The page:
For all the complaints leveled against American comic book creators and publishers regarding "late" books, The Nikopol Trilogy upsets the apple cart a bit. The first part, "The Carnival of Immortals" or "Gods In Chaos", appeared in 1980, with the second album, "The Woman Trap" arriving in 1986, and the final volume, "Cold Equator" finally dropping in 1992. That's a hell of a wait, and while neither of the first two parts end on a sort of white-knuckled cliffhanger, it does point to a totally different relationship in art consumption. One wonders what the internet would've made of that wait back then, although I couldn't tell you anything about the tolerance of French audiences beyond some stale reference to Jerry Lewis. Doesn't matter: it's 2009, and Enki Bilal finished Nikopol in his own time, and if that meant twelve years, it meant twelve years. Of course, if you want to read these now, have a good time tracking them down: the DC/Humanoids volume this little chapter of writing is based on will now cost you somewhere around 363 dollars if you're lucky, which I guess means America was sort of interested in some of these Humanoids books. (Copies of Transgenesis still available at prices lower than a six pack of Fanta!)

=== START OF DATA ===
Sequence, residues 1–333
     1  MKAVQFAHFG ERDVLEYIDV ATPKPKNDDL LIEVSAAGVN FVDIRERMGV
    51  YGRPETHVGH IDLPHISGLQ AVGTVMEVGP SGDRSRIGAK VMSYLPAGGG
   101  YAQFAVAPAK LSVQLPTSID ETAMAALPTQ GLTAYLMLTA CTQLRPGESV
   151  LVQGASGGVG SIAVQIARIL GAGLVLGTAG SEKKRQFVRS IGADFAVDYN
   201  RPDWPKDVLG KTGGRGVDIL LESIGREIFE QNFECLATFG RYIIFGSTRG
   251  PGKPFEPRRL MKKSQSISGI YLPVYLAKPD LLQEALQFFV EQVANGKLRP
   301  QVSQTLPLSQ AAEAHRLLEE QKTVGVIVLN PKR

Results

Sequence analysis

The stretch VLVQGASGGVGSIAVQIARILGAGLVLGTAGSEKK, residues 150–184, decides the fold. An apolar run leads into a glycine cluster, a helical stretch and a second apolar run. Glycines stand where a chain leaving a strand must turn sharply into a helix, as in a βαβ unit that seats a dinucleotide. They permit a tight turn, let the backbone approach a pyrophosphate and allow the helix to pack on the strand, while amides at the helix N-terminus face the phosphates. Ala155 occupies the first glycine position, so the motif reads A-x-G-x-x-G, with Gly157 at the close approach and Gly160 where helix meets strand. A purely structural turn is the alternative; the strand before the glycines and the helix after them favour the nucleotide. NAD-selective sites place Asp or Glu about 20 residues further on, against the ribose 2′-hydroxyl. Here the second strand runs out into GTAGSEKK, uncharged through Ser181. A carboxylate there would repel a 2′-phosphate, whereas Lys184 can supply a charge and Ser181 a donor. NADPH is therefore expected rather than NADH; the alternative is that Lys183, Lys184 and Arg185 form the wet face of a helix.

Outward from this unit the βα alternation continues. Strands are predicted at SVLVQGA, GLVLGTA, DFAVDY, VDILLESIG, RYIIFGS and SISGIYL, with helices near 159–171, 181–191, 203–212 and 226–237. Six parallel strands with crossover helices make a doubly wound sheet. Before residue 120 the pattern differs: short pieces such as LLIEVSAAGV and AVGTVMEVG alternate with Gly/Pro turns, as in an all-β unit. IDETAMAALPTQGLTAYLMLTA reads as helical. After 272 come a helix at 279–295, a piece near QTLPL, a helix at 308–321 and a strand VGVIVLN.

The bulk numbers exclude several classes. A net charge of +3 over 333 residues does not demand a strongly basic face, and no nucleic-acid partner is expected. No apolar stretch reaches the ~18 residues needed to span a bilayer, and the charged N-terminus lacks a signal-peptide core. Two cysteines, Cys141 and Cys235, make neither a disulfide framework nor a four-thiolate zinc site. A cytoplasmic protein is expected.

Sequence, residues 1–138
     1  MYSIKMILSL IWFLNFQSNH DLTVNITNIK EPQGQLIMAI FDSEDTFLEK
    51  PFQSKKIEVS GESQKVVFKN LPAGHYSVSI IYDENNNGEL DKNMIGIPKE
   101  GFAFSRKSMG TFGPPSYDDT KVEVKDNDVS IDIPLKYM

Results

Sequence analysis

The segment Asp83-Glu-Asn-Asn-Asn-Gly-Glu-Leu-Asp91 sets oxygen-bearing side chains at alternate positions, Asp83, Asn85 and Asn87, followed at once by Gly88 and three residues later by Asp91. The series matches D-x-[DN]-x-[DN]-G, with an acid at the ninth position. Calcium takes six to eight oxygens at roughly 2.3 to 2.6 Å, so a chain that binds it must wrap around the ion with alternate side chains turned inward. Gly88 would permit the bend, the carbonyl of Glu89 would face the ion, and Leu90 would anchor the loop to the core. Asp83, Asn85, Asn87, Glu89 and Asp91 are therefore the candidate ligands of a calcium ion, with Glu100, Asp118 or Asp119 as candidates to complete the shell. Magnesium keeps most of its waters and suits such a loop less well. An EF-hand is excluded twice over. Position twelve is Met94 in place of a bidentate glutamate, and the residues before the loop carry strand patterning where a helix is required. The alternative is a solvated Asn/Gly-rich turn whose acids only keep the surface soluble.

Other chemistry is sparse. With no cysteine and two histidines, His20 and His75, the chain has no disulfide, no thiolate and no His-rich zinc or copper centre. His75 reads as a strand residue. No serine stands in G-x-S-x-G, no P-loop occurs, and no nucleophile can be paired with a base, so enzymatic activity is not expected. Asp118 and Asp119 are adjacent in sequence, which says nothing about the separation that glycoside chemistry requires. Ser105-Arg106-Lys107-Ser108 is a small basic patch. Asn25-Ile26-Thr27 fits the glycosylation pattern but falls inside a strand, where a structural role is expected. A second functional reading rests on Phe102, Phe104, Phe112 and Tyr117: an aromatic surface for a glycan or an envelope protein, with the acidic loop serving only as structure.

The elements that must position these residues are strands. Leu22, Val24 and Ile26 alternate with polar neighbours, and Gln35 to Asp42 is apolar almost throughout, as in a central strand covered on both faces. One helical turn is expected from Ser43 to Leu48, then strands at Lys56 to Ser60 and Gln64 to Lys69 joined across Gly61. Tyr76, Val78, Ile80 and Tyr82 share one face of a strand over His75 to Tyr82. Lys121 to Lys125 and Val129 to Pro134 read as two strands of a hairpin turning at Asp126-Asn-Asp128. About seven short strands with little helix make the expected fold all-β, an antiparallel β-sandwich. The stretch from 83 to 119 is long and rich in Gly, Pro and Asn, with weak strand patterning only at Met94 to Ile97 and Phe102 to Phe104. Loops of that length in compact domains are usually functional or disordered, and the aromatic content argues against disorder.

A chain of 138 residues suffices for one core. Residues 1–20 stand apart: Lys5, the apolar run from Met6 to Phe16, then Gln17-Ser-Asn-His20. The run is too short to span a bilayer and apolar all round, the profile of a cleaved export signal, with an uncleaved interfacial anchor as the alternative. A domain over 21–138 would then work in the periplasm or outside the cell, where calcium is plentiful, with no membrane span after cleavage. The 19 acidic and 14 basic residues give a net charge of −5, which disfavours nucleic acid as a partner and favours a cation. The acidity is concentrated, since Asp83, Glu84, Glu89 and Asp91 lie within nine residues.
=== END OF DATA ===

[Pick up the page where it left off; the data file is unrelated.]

Those twelve years where Alcide Nikopol fans were left hanging aren't attributable to laziness. Besides Enki Bilal being introduced to Mr. You May Feel You're In A Church And Need To Giggle himself, Alain Resnais, whose support and encouragement led Bilal to direct his first feature film, Bunker Palace Hotel, which he co-wrote with frequent comics collaborator Pierre Christin, Bilal also found himself on another movie set, this one in 1983 with American film director Michael Mann, for the available only on used VHS or illegal file-sharing networks The Keep. According to apocryphal legend, Mann was the one who showed Enki Bilal the stacks of Pilote and French comics magazines containing both his work and that of Moebius, saying that French science fiction imagery and design had served as crib notes on Hollywood sets for years. True or not--which is suspect, as Alien would have been filmed by then, and Jodorowsky's Comics Versus Spice Dune set-up would have happened as well--Mann knew Bilal's work, and Bilal was subsequently hired to illustrate and help design the physical form taken by the film's non-Jack Deebs antagonist, a demon named Molosar. Using many of the same references that Bilal had looked to for The Carnival of Immortals when illustrating his Egyptian gods and goddesses, Bilal's final designs for the character were used as best they could be at the time--which, if you've seen The Keep, isn't wholly impressive. While the Scott Glenn connection and striated musculature survived the process, Molosar isn't a character endowed with much grace or sense of movement. While Bilal's Vassily Alexandrovich was a character immobilized by neck braces, the rest of his characters are usually expressive, dynamic creations, and Bilal's notes seem to reference a character that would have that same grace, albeit one tangled up in Gigantic Scary Monster That Kills Nazis And Other People. But The Keep's Molosar looks sort of like an angry statue, and he has christmas lights for eyes. It'd be curious to know if any of Michael Mann's mania for perfectionism rubbed off on Bilal, as it is, I haven't found any reference to the men ever bumping into each other again. Of course, Bilal went onto the fortune and fame of a successful career built off sprawling science fiction stories--a term and genre he claims not to care for--and Mann went on to make a bunch of films about stoic men who marry therapists and have sex with their jobs. Not much cross-over, there.